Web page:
Julie Choffel, “Cardinal Sketch”

Julie Choffel
Stevan Alcala

Rough and literate, your bits made a cheery piece:
to try windows / to grate one’s teeth.

Keep placidly along the lines
of droll translation. Not merely a hat of polite passage,
but a rimmed ottoman and a sitter
or glass of burgundy with friend.

Lukewarm, I knew it. Infused air is your body:

happy campers abound in these parts.
Your gray self is more of an other.
Please fill to the top. And until there is something to say.

The Hello Delay is the first book of poems by Julie Choffel, and the winner of Fordham University Press’s Poets Out Loud Prize. Other poems include “If Everyone Came to Me” (which originally appeared in Bird Dog). You can hear her read from that and two other poems, and discuss her work, in this appearance on Balcony TV.

Another poem in the collection, “Something Must Be Described,” was originally published in Caketrain.

22 August 2012 | poetry |

Read This: Inside and Signs and Wonders

Alix Ohlin
Emma Dodge Hanson

In the summer of 2007, Alix Ohlin wrote a “Selling Shorts” essay for Beatrice, which I mention up front as an acknowledgment that I have subjective reasons for being predisposed to like Ohlin’s fiction. And yet, even though I’d known since early in 2012 that Ohlin was simultaneously publishing a new short story collection, Signs and Wonders, and a new novel, Inside, this summer, I hadn’t cracked either one of them open—with all the other books that I’d taken on a professional obligation to read, they’d gravitated to the stack I set aside for, among other occasions, plane and train rides when I finally have a stretch of time in which to read for undistracted pleasure.

They moved to the top of my must-read pile after I read the New York Times hatchet job on Ohlin, which is not so much a book review as an opportunity for William Giraldi to share his pretentious theories on What Makes for Beautiful Prose Stylings with a large audience. How pretentious? The man namechecks Thoreau and Pound in his opening lines:

“There are two species of novelist: one writes as if the world is a known locale that requires dutiful reporting, the other as if the world has yet to be made. The former enjoys the complacency of the au courant and the lassitude of at-hand language, while the latter believes with Thoreau that ‘this world is but canvas to our imaginations,’ that the only worthy assertion of imagination occurs by way of linguistic originality wed to intellect and emotional verity. You close Don Quixote and Tristram Shandy, Middlemarch and Augie March, and the cosmos takes on a coruscated import it rather lacked before, an ‘eternal and irrepressible freshness,’ in Pound’s apt phrase. His definition of literature is among the best we have: ‘Language charged with meaning.’ How charged was the last novel you read?”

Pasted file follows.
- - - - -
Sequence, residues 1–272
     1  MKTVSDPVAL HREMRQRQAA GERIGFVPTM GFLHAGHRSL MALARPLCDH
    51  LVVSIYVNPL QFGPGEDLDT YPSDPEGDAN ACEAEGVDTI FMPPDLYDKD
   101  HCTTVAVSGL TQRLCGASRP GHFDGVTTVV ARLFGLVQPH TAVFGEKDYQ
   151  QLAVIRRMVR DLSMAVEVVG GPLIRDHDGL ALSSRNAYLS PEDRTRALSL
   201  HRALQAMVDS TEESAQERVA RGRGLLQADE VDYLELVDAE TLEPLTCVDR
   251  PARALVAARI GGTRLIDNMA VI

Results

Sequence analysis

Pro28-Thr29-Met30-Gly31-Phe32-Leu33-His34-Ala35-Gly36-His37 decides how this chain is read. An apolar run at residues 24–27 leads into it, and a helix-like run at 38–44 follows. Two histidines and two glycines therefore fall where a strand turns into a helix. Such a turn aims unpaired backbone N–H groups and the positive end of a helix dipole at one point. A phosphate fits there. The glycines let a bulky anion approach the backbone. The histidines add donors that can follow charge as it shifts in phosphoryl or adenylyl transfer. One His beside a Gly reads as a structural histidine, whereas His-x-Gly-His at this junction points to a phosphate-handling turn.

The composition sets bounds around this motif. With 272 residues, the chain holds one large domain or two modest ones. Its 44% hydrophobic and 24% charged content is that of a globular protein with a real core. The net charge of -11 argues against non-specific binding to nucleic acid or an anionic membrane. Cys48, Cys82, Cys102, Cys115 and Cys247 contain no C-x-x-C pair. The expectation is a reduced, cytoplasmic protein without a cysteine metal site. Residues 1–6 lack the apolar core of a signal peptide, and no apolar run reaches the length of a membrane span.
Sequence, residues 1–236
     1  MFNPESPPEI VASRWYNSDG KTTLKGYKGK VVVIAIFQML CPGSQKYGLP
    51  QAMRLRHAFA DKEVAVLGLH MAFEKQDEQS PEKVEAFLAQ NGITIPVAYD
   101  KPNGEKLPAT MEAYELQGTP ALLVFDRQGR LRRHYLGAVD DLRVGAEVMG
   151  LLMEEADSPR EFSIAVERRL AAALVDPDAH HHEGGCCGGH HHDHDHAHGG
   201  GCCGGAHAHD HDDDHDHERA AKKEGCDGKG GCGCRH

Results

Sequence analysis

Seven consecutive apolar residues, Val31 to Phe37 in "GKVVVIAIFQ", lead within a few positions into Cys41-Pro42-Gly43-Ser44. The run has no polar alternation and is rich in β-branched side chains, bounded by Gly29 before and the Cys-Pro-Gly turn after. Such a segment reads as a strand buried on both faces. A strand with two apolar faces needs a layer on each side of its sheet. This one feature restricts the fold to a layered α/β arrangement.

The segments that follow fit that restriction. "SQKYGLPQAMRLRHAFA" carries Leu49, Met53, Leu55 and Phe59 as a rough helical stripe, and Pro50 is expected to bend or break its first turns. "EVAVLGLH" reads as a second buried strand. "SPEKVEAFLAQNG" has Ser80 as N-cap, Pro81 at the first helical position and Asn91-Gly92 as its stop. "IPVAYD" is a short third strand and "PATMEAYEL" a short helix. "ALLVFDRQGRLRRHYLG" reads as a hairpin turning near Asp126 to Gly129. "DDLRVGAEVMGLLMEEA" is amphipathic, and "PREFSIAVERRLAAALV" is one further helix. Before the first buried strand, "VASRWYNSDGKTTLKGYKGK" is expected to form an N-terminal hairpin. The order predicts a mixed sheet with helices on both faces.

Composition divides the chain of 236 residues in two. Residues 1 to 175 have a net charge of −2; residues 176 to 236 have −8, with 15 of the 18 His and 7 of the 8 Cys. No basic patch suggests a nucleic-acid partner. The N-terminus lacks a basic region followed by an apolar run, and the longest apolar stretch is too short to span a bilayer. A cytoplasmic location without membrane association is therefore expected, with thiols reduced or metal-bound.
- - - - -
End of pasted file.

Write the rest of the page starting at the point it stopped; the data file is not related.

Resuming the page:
“Emotional verity”? “Coruscated import”? “The lassitude of at-hand language”? Somebody’s clearly getting a lot out of his word-a-day calendars! But let’s revisit those first few words: “There are two species of novelist…” Take away the high-falutin’ vocabulary, and you know what you’ve got? You’ve got a “There’s two types of writers” lead, and anybody who’s going to open with “There’s two types of [anything]” should probably just shut the hell up about “the lassitude of at-hand language.”

Nevertheless, Giraldi continues in this vein, attacking everything about Ohlin’s books up to and including their titles; Inside, for example, is “a forgettable moniker that suggests everything and so means nothing.” Mostly, he’s bothered by what he sees as “an appalling lack of register” in her prose, “language that limps onto the page proudly indifferent to pitch or vigor.” He tosses out plenty of examples, and then adds a curious closing paragraph about the “recent parley, in these pages and elsewhere, about ‘women’s fiction’ and the phallic shadow it has been condemned to live in.” He appears bringing this up expressly to ward off the suggestion that there might be any misogynist angle to his evisceration of Ohlin and “her leaden obsession with pregnancy, dating and divorce.” We’re no anti-feminists here at the Times, the logic runs, we just love the English language, and believe in “the writer’s ‘moral obligation to be intelligent’—in John Erskine’s immortal coinage.” (Note the continued namechecking, along with the “immortal coinage;” as Ezra Pound might say, “Way to keep it new, dude!”)


18 August 2012 | read this |

« Previous PageNext Page »